My wife’s 401(K) statement came in today and boy is it sweet! In the past three years at her job, she has managed to garnish a hefty amount. Meanwhile, my retirement account has also boomed and I have been working in my school district for nearly a year.
It is such an awesome feeling to finally be building wealth instead of handing it over to someone else! Compound interest really is a miracle. So as I sit here I begin to ponder this question: should you invest while working your way out of debt?
If you are working yourself out of debt then perhaps you have heard what many in the investing world say. Pause all your investing until you kill your debt. Others will advise that investing and harvesting the average return on investments (roughly 7-8%) is a better decision than becoming completely debt free.
Although I love investing I do believe you need to be debt free before making any investments. Your debt free journey is more than just numbers. It will allow you to practice patience and keep everything organized.
The idea behind this is that you wouldn’t go borrow money so you could invest it. The same thought is used here — you wouldn’t borrow the amount of your debt and invest it and try to make money off of it.
What I want to do is share with you how we worked our investments and our debts.
Evaluate the Situation
Compared to many other people, especially all the wonderful bloggers I have read about, our debt was peanuts. It was still a large amount at over $34,000 which included a car loan and my student loans. Being a Dave Ramsey enthusiast I know that he advises to stop all investments and focus on debt.
I think this is really good advice if you are in debt and have not started investing at all. However, if you began your debt free journey after you opened a 401(k) with your employer I feel it is okay to keep putting money away for retirement.
That was the situation for us. Before we began our debt free journey Taylor had already set up her 401(k). Once I began teaching, my state (Texas) and the district called for mandatory participation in their retirement system; so even if we wanted to pit we couldn’t.
Crunch Some Numbers
In reality, we were putting away only $50 a month through the 401(k). So our debt wasn’t a $600 problem, it was a $34,000 annoyance. Yes, we could have halted the 401(k) and use those $50 a month but we chose to budget better and put other money towards our debt instead.
One of the most important things you can do is a little bit of math. But my guess is the money put away in retirement with your employer is not your main problem. If you decide to halt 401(k) investments make sure you have the discipline to restart it when you finally get out of debt.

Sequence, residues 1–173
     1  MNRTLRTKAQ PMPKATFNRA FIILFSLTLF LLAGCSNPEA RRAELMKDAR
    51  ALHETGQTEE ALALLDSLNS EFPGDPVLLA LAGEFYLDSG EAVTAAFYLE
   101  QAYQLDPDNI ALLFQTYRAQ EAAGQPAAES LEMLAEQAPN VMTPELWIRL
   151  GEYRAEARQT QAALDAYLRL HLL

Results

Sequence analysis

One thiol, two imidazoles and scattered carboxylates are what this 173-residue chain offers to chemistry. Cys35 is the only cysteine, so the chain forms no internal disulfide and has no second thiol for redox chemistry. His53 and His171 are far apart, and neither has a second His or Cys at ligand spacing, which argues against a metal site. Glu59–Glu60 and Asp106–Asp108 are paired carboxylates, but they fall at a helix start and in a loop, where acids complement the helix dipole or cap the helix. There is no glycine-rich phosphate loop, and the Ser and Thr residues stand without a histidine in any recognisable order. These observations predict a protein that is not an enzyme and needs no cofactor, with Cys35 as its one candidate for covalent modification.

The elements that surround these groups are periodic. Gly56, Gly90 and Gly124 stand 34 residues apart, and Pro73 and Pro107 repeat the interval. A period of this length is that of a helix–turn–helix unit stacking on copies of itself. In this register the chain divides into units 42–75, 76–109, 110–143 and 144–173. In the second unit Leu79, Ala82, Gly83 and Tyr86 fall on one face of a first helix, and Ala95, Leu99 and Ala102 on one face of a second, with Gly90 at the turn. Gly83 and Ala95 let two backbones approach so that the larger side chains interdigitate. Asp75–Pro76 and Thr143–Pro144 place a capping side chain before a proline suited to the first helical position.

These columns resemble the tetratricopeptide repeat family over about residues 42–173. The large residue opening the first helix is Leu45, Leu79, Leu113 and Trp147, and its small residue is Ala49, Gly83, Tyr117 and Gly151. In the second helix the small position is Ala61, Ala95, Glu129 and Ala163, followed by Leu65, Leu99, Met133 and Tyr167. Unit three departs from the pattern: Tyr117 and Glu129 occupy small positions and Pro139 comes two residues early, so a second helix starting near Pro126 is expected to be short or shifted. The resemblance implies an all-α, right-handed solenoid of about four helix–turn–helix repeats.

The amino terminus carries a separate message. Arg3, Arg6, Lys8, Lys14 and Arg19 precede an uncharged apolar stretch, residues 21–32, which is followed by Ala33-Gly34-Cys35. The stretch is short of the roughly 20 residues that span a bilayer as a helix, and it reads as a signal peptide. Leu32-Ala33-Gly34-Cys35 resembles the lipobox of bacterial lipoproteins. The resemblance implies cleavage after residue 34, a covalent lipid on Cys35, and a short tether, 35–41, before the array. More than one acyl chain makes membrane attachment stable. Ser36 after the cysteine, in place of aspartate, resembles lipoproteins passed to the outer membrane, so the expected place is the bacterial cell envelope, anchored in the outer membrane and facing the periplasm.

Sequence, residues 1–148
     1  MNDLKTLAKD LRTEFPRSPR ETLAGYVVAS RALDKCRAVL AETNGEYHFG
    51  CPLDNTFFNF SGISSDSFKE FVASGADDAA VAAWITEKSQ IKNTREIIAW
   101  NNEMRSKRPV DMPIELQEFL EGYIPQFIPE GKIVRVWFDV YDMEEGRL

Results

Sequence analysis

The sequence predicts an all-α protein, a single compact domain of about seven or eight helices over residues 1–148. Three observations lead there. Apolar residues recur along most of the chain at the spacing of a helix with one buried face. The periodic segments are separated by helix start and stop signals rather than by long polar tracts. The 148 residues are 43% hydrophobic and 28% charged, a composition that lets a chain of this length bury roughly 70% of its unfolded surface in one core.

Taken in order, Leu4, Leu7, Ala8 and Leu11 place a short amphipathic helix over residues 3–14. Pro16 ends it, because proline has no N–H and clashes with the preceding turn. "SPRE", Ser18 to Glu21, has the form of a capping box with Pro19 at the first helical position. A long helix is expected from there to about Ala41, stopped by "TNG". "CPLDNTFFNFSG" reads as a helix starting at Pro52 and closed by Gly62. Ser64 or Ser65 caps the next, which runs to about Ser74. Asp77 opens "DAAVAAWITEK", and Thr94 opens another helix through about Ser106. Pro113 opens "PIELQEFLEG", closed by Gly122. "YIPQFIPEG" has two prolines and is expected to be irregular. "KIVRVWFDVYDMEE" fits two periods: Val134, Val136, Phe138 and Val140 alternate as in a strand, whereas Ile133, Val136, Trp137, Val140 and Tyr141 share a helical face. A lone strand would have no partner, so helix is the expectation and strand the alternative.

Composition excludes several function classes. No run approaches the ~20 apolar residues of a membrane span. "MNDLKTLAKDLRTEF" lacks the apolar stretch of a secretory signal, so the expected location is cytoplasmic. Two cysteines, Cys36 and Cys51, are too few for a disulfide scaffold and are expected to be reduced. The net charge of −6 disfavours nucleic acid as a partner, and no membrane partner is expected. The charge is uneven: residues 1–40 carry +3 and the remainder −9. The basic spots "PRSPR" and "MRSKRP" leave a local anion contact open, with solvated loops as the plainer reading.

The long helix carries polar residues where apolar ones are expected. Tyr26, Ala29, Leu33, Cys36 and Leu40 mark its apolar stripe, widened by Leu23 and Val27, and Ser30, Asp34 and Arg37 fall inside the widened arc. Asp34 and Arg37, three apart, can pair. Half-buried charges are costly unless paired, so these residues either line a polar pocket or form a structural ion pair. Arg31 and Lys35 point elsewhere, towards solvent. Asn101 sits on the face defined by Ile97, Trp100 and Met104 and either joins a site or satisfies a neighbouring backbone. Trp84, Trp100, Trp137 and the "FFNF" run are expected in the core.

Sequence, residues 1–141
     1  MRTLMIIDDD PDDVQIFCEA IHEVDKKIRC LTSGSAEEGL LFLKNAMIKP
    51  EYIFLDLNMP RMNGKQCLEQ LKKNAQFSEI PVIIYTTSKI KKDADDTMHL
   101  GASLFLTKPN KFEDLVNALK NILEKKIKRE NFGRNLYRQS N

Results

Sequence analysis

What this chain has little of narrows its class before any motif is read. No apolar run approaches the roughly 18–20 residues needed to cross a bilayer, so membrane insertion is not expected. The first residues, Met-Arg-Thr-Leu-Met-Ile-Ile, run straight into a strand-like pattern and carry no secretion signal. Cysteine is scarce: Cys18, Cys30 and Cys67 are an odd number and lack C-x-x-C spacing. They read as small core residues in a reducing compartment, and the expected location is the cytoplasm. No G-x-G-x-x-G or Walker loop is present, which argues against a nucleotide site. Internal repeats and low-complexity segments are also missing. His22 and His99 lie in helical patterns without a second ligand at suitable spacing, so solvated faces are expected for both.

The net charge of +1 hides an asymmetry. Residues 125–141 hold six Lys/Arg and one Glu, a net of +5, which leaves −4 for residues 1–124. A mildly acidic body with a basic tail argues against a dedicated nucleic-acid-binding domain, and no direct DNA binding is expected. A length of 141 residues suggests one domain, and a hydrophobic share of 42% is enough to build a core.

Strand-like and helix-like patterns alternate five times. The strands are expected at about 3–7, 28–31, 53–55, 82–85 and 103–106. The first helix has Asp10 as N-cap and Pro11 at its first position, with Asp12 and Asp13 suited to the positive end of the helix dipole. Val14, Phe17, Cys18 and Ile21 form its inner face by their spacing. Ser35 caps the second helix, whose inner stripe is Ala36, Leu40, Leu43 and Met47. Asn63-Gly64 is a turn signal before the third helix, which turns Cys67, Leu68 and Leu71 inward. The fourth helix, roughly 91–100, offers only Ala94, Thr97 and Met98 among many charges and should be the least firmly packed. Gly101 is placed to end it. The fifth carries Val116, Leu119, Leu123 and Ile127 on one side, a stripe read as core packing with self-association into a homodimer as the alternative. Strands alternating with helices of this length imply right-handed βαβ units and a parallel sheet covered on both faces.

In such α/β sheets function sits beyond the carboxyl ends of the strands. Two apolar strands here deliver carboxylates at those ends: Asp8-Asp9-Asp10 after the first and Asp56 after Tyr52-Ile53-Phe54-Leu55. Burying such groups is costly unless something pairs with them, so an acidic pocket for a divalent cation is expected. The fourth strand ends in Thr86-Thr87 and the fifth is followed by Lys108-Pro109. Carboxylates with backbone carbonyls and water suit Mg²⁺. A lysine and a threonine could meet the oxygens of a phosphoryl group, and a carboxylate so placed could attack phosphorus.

The worst thing you can do is rob yourself of the money you could be gaining. Take advantage of your employer’s full match if they offer one. Most employers allow you to make 401(k) or retirement changes every quarter, or every 3 months of the year.
The process is as easy as checking a few boxes and changing a few percentage numbers. Make sure you talk to your human resources department since they are often the ones in charge of this type of information.
Max it Out
Once completely out of debt, we decided to max out our investments. This means that now $105 goes towards our 401k. With Taylor’s 401k and my pension (I’m a teacher) that brings our total to about 12% of our gross income towards retirement.
The goal is to open a Roth IRA and allocate the remainder 3% of our income towards it. This brings up another question. Should you build your 3-6 month emergency account before investing?
I don’t think these have to be independent of each other. They can easily be done simultaneously if your budget is right on track. In addition, we would hate to miss out on the interest built in the mean time. I don’t think you would be missing out on opportunity cost because either way, you’re building wealth.
Emergency Fund vs. Investing
The only difference is that one of those accounts is building more interest than the other, but both are making you richer and safer. If you budget correctly you can make these two work for you. Click Here to find out how we do our budget.
Another thing to consider is the level of your emergency fund. This depends on the type of job you have. Since we both have “safe” jobs we decided to make 3 months of expenses our emergency fund. We do plan to increase that when we have children and hopefully have a whole year worth of savings as well.
The main thing here is to make sure that you have multiple funds. Your investments cannot be your emergency fund. Otherwise, you will miss out on the gains if you keep withdrawing from these accounts. An emergency fund has to be readily accessible without any hassle.
A simple checking or savings account can be a great way to stash away emergency money. The interest gained on those accounts will be minimal (1-3%) but you know that this is not meant to be an investment.
You are in control of your money! The number one tool against your debt is you, but before you go on trying to tackle 5 different things at once, make sure you become really good at doing one thing. We began by tackling our debt and blinders were needed in order to stay intense!
Once we were out of debt we realized that some things are easier to juggle. Having a safety net and a wealth building tool ll help you be a better and more confident person.
Spanish Word of the Day: Inversiones (in-bear-see-0n-is) = Investments
Do you think all investments should be stopped while working your debt? Why, why not? Do you have an emergency fund?
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